Your Payment History Has a Huge Impact on Your Credit Score – Here's How to Improve It


Keeping an eye on your credit score may be more important than you think — even if you haven't had to use it yet. After all, you'll need good credit if you hope to take out a car loan, rent an apartment, or get a mortgage to buy your first home. Believe it or not, your credit score can also impact how much you'll pay for auto insurance — and whether you get hired for certain jobs.

If you hope to refinance your student loans with a private lender to score a super-low interest rate, you'll need good credit for that. Want to take out a business loan and follow your dreams as an entrepreneur? You'll need good credit for that, too.

The list of reasons to care about your credit score goes on and on, and the number of negative ways poor credit can impact your life is nearly endless, too. That's why, like it or not, we should all take steps to keep our credit scores in tip-top shape.

How your FICO score is determined

To accomplish this goal, however, it helps to know exactly where your credit score comes from. How can your entire credit history be represented by a three-digit number? And what factors can influence your score now and later on?

The most popular type of credit score is your FICO score, and the FICO corporation offers some pretty straightforward answers when it comes to the factors they consider.

The five factors that make up your FICO score include:

  • Payment history: 35%
  • Total amounts owed: 30%
  • Length of credit history: 15%
  • Credit mix: 10%
  • New credit: 10%

When you break down your FICO score this way, it's easy to see how you could use this information to your advantage. Overall, the best FICO scores go to those who learn to play by the rules with each of these factors and exhibit better credit behavior than most of their peers. 

How to create an excellent payment history

Based on the above percentages, you'll see one factor that should be especially easy to stay on top of. It may take time to pay down debt to decrease the amounts you owe, but you should be able to pay your bills early or on time, right?

Your payment history is one FICO score determinant that you have absolute control over, and this means you have the potential to make a big positive impact. To polish your payment history, make the following money moves. (See also: 8 Money Moves for the Newly Independent)

Set up all your credit cards on auto-pay

If you're someone who is prone to forgetting about your bills or paying them late, it can help to set all your bills up so the minimum payment is made on your behalf before your payment date. You can typically do this by connecting your credit card accounts to your bank account and selecting automatic payments. While you can still pay your cards off manually each month, setting up auto payments ensures you'll never be late if you simply forget.

This strategy can be tricky if you rarely keep extra money in your bank account, however, so you may want to consider saving up a "buffer" so any automatic payments made don't cause an overdraft.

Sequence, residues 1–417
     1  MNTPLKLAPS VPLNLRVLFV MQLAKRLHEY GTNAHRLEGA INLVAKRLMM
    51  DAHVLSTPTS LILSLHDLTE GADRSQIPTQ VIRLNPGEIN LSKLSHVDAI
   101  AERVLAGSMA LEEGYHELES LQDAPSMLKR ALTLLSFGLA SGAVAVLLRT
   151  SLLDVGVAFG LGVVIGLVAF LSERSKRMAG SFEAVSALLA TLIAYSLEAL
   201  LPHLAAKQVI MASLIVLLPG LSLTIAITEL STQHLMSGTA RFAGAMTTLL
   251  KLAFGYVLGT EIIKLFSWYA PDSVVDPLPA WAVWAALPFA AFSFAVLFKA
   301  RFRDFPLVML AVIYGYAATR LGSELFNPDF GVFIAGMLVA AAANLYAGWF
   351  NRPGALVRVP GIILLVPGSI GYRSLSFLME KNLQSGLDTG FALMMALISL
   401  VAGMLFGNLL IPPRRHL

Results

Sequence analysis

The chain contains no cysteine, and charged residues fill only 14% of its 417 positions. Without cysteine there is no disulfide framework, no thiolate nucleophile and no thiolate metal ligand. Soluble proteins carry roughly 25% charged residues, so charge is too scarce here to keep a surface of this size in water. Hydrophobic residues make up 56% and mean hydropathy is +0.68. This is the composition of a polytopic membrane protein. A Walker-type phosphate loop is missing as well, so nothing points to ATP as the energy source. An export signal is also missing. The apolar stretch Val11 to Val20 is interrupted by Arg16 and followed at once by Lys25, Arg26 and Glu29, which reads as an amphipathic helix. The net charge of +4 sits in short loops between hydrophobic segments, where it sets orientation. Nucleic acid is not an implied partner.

Pay your credit card bills more than once each month

If you're not interested in setting up automatic payments on your credit cards, you can also consider paying them off more than once per month — and even once per week. Not only can paying your credit card bills more than once per month help you avoid late payments, but it might also help you stay on track with your budget and spending goals.

Here's a good example of how this might work: Imagine you budget $750 per month for groceries and gas. If you only checked in on your credit card bill at the end of your billing period, it might be easy to spend more than you budgeted in these categories and others. 

If you checked in on your credit card bill weekly and made payments each time, on the other hand, you'd have a better idea of how much you're spending throughout the month and be in the best position to avoid an ugly end-of-the-month surprise. 

Look for ways to automate your other bills

Also, remember that bills other than your credit card bills make up your payment history, and that your mortgage payment and car payment can also play a role. If you're able, setting up automatic payments for these bills can help you maintain a perfect payment history and avoid a ding on your credit score. 

If you have a credit card that earns rewards, setting up all your bills to be paid automatically with a credit card instead of by check or electronic funds transfer can boost your rewards haul each year as well. And provided you pay your balance in full each month, the rewards you earn can truly be "free."

Institute a weekly financial check-up

Finally, it always makes sense to plan a weekly meeting with your checkbook, your bills, and anyone you share your finances with. This is especially true if you're trying to live on a budget or spending plan since you'll need to check in with your spending fairly regularly to see where you're at.

To be more specific, it can be helpful to set aside some time every week to check and see which bills you have due, how much you've spent in regular categories, and how much of your budget is left for the month. Just remember that you're more likely to stick with it if you commit to a specific date and time for your meeting, such as Saturday mornings or Monday nights.

Final thoughts

Your payment history makes up the bulk of your FICO score, but it's also one area of your life where you have the utmost control. Any steps you can take to create a perfect payment history can only work to your advantage, so make sure to get started today. 

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